CONWAY — The Delta variant of COVID-19 is impacting children at a much greater rate than previous strains of the virus. According to the Centers for Disease Control, child hospitalizations currently comprise 26 percent of all cases in the United States.
While childhood COVID-19 deaths are still rare, that number is increasing. As of Sept. 8, the last day numbers were updated, at least 520 Americans under the age of 18 have died from the virus, according to CDC data.
A CDC report issued Sept. 10 said unvaccinated people are 11 times more likely to die of COVID than those who are vaccinated. President Joe Biden last week unveiled vaccination requirements in the workplace that could affect as many as 100 million Americans. “We’ve been patient. But our patience is wearing thin, and your refusal has cost all of us,” he told the unvaccinated, adding that this minority “can cause a lot of damage, and they are.”
According to the president, all federal employers and all employers with more than 100 workers must require workers to be vaccinated or they must test for the virus weekly.
What that means to school districts in New Hampshire remains to be seen.
SAU 9 Superintendent Kevin Richard, who attended a superintendent’s meeting at the state Department of Education last Friday, said. “I’ve seen the headlines but not see the whole plan. We’re waiting for guidance from the state.”
SAU 13 Superintendent Dr. Michael Whaland attended the same meeting.
“I agree with Kevin — we’ll wait until a plan is a little more laid out and see what implications there are on public schools,” he said. “We’ll look for guidance from the DOE as it relates to public education.”
Last Thursday, the Los Angeles Unified School District became the first major school district in the country to require all eligible students (those 12 and over) to be fully vaccinated against COVID-19 by Jan. 10.
“Our goal is to keep kids and teachers as safe as possible and in the classroom,” board of education vice president Nick Melvoin said in a statement. Students will be required to be fully vaccinated unless they have a medical or other exemption.
Though Richard said schools can’t ask if employees are vaccinated, he said to his knowledge, 80 percent of local school staff has received the COVID-19 vaccine. He added Friday: “Our unions have been absolutely wonderful. Their focus has been on bringing kids back to school. They always put the kids at the forefront.”
“The Conway Education Association continues to reinforce that we are trying to do what’s in the best interest of the students’, families’ and community’s safety,” Matthew Liebenow and Chris Bailey, co-presidents of the Conway Education teachers’ union, stated in a release.
“We are involved in the re-entry process and committed to working with the administration and local health-care professionals, to help ensure a successful and safe return to face-to-face learning, which we all feel is best practice for our students.”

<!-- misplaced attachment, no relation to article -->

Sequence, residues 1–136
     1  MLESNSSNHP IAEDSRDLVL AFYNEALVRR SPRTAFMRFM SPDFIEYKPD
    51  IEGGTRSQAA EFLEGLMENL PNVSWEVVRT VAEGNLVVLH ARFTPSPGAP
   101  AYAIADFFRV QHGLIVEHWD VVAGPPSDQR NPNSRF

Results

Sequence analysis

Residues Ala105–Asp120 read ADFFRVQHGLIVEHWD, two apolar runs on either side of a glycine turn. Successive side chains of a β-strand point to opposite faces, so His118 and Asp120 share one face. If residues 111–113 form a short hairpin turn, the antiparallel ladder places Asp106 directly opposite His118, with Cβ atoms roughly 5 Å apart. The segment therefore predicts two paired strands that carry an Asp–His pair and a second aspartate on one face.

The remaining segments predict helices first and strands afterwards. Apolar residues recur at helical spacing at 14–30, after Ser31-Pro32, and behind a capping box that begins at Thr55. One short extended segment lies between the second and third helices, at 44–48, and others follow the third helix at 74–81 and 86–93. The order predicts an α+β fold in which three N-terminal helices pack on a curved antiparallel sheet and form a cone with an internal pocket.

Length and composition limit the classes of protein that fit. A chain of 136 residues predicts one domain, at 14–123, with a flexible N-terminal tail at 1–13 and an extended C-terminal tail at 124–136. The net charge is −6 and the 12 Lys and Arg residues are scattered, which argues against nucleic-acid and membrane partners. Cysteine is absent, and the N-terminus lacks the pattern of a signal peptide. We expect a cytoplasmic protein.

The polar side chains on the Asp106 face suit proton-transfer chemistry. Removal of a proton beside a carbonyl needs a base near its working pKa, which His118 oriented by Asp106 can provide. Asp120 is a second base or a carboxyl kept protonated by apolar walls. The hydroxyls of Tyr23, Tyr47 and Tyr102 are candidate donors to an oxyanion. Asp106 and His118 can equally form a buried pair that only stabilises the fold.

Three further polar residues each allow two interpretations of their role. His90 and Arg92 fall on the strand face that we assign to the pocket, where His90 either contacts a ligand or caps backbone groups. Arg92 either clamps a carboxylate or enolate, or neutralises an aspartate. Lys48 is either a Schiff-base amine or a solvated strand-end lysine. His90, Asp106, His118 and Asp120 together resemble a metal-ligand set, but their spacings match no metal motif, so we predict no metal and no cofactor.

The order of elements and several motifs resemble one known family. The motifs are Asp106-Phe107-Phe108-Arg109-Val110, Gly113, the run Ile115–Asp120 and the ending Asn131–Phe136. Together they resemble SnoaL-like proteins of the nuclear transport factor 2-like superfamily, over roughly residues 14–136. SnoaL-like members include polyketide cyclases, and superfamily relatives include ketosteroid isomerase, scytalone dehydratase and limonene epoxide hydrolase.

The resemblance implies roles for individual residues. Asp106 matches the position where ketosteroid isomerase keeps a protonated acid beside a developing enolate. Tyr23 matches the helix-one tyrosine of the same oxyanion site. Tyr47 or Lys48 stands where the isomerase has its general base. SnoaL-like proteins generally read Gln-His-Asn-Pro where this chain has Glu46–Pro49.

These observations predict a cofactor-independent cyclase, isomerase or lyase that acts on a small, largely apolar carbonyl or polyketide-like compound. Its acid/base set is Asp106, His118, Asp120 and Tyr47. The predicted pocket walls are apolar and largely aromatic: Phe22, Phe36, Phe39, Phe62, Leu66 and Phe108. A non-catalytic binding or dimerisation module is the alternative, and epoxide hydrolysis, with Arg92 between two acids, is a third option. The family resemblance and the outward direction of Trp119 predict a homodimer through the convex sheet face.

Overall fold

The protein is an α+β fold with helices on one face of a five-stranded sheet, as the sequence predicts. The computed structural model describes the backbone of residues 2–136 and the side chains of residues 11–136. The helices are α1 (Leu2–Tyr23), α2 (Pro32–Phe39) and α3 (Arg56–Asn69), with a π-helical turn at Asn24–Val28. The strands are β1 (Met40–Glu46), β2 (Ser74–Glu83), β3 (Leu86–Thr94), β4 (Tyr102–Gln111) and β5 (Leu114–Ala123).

They added: “We understand that students in grades K-6 (children under 12 years of age) don’t have the choice to be vaccinated yet, so masking provides an essential tool to help keep them all safe, along with other mitigation factors being put into place.
“As for the vaccination of teachers, we desire to keep classrooms open to in-person learning and understand that vaccines are the strongest tool to do that. We strongly encourage all of our teachers to get vaccinated.”
According to the state Department of Health and Human Services, as of Sept. 10, only 60 percent of all Granite Staters had been fully vaccinated against COVID-19, while 67 percent have received at least one dose.
In Florida, a week before school was scheduled to start, four teachers in the Broward County district died from the coronavirus.
“Within a 24-hour span, we had an assistant teacher pass away, a teacher at her school pass away, an elementary teacher pass away and another teacher at a high school,” Anna Fusco, president of Broward Teachers Union, told local media outlets Aug. 13. According to Fusco, three of the teachers were known to be unvaccinated.
The Delta variant is also having a significant impact on unvaccinated children.
“What we’re seeing now is extremely concerning,” Dr. Edith Bracho-Sanchez, associate professor of pediatrics at Columbia University Irving Medical Center, said on CNN last Wednesday.
“This virus is really going for the people who are not vaccinated. And among those people are children who don’t qualify for the vaccine and children and teens who qualify but are choosing not to get it,” she said.
The American Academy of Pediatrics said, “as of Sept. 2, over 5 million children have tested positive for COVID-19 since the onset of the pandemic. About 252,000 cases were added the past week, the largest number of child cases in a week since the pandemic began.
“After declining in early summer, child cases have increased exponentially, with over 750,000 cases added between Aug. 5 and Sept. 2.”